December Fushias

Fushias in flower outside Portmeirion pottery. In December!

I took this photo today because I was amazed at how many flowers were blooming on the fushia bushes outside our local pottery. The leaves have wilted a little and I’m expecting it to be clobbered by the cold because we, are due freezing weather over the next few days. But its December, this is not normal. Its getting dark earlier every day and we have a chilly northerly wind blowing. It’s not proof of global warming, but it makes you think!

Work in progress, meadow

Poppies and other flowers, I started painting this a few days ago and am trying to make progress. The flowers and tangle of vegetation is based on a photo I took at Trentham Gardens this summer. I hope it can be a meditative piece for a quiet room at the gallery which I have work in. I’m going to press on with this, it’s keeping my mind off things.

Six months ago

Six months ago I remember things were fine. The Rhododendrons in the Dorothy Clive Garden were in flower, we had the whole summer to enjoy. The sun was shining and covid seemed to be on the wane. Now things are not so good. Autumn has arrived and life has thrown me some curve balls. We are heading towards darker days and the summer is speedily disappearing. But I have decided I have to be OK. Just doing things like getting my covid and flu jabs seems positive. Protecting myself and people around me.

Pear time

Pears off our tree and oranges from the supermarket. This shows just how big our pears have grown this year. They needed picking as they won’t ripen on the tree. The tree was a small sapling from a woolworths store in Stoke twenty years ago or so, before the stores went bust. It’s now a tree about fifteen foot high and spreading branches about twenty or twenty five foot across. It grew leaning over because of the weight of the pears. I have to say they are very tasty when they are ripe. I think they are a conference style of pear. We have had around fifty or sixty pears but most of them are too high to reach, the ones in the bowl were low hanging.

Farewell summer

The flowers and plants will wilt and die over winter. Autumn is still slightly warm and they are clinging on, but I’ve noticed the delicate leaves are yellowing. I will try and get a few photos of the back yard before the hanging baskets die off. I might plant some of the more robust plants into the main garden to give them a bit more shelter to overwinter. I will miss the bright colours that have sparkled in the sunlight this summer. I know things probably will last till November. Early this year we still had a few flowers in January!

Sun’s up

Sunlight through leaves, making patterns on the kitchen wall. It would be brighter but the wall is painted a pale apple green. When there was a partial eclipse a few years ago the light hitting the wall turned into increasing crescent moon shapes as the Moon passed in front of the Sun. This time of year, before the autumn sets in, there is a lot of shade from the trees in the garden. The pear tree is casting most of the shade on the wall, and a few pears have started to fall as the morning temperature reduces. I can almost feel a chill in the air this morning.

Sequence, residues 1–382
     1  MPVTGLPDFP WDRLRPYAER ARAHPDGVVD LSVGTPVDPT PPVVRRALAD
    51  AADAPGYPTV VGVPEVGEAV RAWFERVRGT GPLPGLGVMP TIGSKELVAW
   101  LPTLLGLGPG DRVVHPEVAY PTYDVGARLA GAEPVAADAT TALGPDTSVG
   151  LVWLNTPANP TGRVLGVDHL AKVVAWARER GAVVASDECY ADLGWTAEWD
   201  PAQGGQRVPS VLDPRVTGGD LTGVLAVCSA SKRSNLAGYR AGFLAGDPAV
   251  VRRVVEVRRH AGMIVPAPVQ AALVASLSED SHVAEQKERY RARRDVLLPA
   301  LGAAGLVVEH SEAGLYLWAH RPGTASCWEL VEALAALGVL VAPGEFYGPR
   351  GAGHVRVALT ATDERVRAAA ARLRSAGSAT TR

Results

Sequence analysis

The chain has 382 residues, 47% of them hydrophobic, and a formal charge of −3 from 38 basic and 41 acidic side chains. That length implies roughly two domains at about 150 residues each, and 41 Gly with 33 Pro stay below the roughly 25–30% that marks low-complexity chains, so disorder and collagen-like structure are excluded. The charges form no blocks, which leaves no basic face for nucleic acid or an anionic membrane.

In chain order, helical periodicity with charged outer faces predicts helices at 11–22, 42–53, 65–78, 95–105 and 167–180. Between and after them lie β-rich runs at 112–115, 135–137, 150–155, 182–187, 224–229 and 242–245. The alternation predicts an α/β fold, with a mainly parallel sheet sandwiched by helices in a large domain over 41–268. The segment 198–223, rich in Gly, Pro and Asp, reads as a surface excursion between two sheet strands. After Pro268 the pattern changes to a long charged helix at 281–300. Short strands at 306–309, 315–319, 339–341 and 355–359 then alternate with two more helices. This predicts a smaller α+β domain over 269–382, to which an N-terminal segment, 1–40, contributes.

Soon it will be the vernal? Equinox, when the day and night time are in balance in the Northern (and also Southern) Hemispheres of the Earth. That is when both day and night are exactly 12 hours long. Soon the days here will shorten, whilst they grow longer in the south. I hope the nights are not too cold, I would like the leaves to stay on the trees as long as possible. I always feel sad when they become skeletal in the winter and the long wait till spring comes round again drags on. I miss my flowers as they wilt and fade, and I find it harder to motivate myself in the dark days of winter. But that is a while away yet, so I will enjoy what is left of the summer while I can.

Garden in sunshine

A less blurry shot of the yard. People asked me why its not as dried out? I think we have a microclimate. The yard is enclosed by bushes and the houses. The sun comes round in the afternoon but doesn’t stay on it for too long because we are on the ‘wrong’ side of the hill so it gets shady at East an hour before sunset. I also think because there’s a wall and we cram plants together everything stays moist. I have trouble drying my washing because it gets quite humid. Also because I put one hanging basket under another when one gets watered it flows through to the bottom one. And as they are underneath they are a bit more protected from the hot sunshine. Each pot has a bowl or a saucer underneath to catch and keep the water and I make sure each pot has crocks or broken polystyrene in them so the roots don’t get swamped.

a strange painting

It was called Dasies. The figure in the doorway was my friend at the time. But like the painting she was strange. A complex person that tried to do things and disturb my life. I think she might have been OK, but one day she did something that completely lost my trust in her. I won’t go into detail, but she showed an uncaring side that really hurt me and my hubby. I could have forgiven her, I could have accepted her apologies, but why should I?

What do the Dasies and plants signify? Because it was before the split, I think probably I was trying to beautify the image. The garden was not as floriferous as this. It was a gift for either her birthday or Christmas. She was good at hiding her thoughts and the slightly surreal air was trying to capture that. I think most of my paintings are quite narrative. I’m glad I kept a photo of it, I have lost track of the paintings I have done over the years. Perhaps this ended up in the bin?